Welsh Water is to spend £7 million to help fund lower bills for low-income households over the next year.
The company, which is owned by its customers, helps around 90,000 customers who struggle to pay their water bills, increasing to 100,000 by 2020.
Average household bills will increase by 1.8% to £439 in 2018-19, although the company said some bills will fall.
A record £430 million is being invested in capital projects, including a new pumping station in Usk, replacing pipes in Anglesey, new waste water treatment works in Pembrokeshire and improvements to bathing water quality in the popular resorts of Tenby and Saundersfoot.
Welsh Water chief executive Chris Jones said: "Today's investments are a direct benefit of our unique not-for-profit way of working, which allows us to invest the money we make back into the business and to benefit our customers.
"Our increased support of £7 million for our lowest-earning customers demonstrates our continuing commitment to supporting those who genuinely struggle to pay their bills - something which our customer consultations have shown is a strong priority for the people we serve.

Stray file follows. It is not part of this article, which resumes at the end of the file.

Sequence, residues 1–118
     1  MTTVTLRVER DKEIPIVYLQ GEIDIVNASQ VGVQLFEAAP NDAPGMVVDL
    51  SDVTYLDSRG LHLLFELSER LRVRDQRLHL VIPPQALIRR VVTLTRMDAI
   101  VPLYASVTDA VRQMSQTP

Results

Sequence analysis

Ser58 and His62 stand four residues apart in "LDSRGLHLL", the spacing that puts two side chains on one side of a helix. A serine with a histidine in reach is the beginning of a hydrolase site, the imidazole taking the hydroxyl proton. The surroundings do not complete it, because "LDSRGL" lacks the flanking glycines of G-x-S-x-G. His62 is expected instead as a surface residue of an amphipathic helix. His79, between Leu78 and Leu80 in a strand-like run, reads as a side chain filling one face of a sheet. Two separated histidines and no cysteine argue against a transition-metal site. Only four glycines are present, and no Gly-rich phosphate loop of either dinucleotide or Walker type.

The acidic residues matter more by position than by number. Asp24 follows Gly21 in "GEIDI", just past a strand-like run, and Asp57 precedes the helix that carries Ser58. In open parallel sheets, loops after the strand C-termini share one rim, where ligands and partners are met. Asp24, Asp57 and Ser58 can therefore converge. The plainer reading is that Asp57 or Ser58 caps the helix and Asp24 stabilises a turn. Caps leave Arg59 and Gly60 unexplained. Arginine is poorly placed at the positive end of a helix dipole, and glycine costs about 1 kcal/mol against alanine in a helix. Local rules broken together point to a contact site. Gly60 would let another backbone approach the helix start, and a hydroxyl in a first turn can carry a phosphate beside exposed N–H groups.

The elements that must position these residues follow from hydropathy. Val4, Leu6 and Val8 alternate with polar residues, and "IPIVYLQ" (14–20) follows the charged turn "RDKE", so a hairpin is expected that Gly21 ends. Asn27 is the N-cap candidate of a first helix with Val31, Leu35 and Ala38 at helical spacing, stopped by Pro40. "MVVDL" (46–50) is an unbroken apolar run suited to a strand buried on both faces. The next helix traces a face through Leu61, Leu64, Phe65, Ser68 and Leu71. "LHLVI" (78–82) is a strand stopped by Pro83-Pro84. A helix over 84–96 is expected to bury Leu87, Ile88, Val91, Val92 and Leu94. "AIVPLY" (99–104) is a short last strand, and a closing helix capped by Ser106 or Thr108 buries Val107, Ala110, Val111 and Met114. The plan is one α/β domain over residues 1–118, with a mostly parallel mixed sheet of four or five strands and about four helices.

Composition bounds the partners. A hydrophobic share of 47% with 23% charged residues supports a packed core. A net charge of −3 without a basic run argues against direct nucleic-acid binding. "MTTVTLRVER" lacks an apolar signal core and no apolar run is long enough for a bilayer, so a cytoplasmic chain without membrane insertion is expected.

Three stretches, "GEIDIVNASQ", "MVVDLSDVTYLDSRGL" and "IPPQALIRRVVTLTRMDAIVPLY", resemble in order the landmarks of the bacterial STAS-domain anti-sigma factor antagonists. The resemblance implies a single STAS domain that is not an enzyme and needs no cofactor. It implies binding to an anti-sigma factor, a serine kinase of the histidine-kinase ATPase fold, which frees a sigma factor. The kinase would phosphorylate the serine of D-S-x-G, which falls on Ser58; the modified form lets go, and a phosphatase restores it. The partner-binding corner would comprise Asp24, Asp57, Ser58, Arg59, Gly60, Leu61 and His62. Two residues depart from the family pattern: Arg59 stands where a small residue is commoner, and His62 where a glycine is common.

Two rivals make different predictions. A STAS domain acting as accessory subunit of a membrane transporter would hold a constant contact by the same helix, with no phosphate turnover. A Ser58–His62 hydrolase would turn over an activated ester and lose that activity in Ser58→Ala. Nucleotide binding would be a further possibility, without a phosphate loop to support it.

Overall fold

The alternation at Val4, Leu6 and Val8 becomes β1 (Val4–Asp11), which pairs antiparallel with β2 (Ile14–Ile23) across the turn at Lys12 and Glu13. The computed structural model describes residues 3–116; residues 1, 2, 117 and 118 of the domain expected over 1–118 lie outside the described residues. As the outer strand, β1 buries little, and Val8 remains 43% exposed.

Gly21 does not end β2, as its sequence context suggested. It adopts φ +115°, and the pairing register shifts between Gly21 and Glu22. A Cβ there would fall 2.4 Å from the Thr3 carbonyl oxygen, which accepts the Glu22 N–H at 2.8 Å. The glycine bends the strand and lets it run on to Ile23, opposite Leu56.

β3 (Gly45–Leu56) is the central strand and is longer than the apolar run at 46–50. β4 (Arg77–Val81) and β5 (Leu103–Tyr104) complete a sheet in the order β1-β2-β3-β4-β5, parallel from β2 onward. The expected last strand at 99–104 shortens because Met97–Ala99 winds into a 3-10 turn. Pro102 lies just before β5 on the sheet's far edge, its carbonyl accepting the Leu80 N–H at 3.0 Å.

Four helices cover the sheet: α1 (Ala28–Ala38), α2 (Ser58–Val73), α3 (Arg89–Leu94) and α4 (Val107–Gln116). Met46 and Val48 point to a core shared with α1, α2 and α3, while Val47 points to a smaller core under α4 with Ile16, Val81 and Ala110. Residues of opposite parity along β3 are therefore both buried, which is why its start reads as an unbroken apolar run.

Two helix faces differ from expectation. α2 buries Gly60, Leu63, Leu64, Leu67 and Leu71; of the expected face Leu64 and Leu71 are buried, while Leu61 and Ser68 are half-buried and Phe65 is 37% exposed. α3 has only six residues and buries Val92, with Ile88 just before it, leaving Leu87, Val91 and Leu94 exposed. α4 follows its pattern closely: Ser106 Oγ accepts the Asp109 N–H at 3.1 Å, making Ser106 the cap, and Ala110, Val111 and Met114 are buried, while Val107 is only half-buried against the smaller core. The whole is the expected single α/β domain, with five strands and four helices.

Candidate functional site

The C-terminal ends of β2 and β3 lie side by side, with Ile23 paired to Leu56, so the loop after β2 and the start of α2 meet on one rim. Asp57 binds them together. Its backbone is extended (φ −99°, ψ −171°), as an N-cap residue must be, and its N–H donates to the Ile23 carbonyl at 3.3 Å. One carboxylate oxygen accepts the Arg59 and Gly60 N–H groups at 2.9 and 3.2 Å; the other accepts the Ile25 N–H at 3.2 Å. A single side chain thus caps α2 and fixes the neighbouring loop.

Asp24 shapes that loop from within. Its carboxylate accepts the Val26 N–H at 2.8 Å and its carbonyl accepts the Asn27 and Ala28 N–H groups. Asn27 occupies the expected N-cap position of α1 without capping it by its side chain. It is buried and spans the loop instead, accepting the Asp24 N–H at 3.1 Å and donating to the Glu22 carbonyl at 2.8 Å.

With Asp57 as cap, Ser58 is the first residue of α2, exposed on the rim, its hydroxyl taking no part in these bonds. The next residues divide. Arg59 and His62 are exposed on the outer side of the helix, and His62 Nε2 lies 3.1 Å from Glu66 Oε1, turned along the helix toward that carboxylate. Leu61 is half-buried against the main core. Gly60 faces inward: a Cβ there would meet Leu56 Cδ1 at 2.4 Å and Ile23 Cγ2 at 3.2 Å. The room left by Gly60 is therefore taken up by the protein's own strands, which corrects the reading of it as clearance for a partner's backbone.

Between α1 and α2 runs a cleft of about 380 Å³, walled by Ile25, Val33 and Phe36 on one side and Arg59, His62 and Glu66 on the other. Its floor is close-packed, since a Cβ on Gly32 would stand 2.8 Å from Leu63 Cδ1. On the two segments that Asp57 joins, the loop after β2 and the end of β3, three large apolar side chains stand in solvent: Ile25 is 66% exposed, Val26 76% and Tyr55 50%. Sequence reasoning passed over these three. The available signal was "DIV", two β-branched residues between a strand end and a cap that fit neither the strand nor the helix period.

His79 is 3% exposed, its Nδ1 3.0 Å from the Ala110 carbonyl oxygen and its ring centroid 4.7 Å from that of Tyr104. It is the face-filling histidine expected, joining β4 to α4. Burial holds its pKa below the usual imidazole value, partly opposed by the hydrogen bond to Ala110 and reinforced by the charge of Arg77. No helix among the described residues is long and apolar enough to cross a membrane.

"We will continue to work with a wide range of agencies and support organisations to promote our social tariffs to those that need help, while pursuing those who could pay, but choose not to, so that everyone pays their fair share."
Tom Taylor, chairman of the Consumer Council for Water in Wales, said: "Even the smallest increase in bills can be a tipping point for customers that are already struggling to pay so we are very pleased to see Welsh Water investing more in supporting households on a low income.
"Opting for a water meter can also save some households more than £100 a year and about two thirds of bill payers are still unaware they have two years to trial one with the option to switch back free of charge. "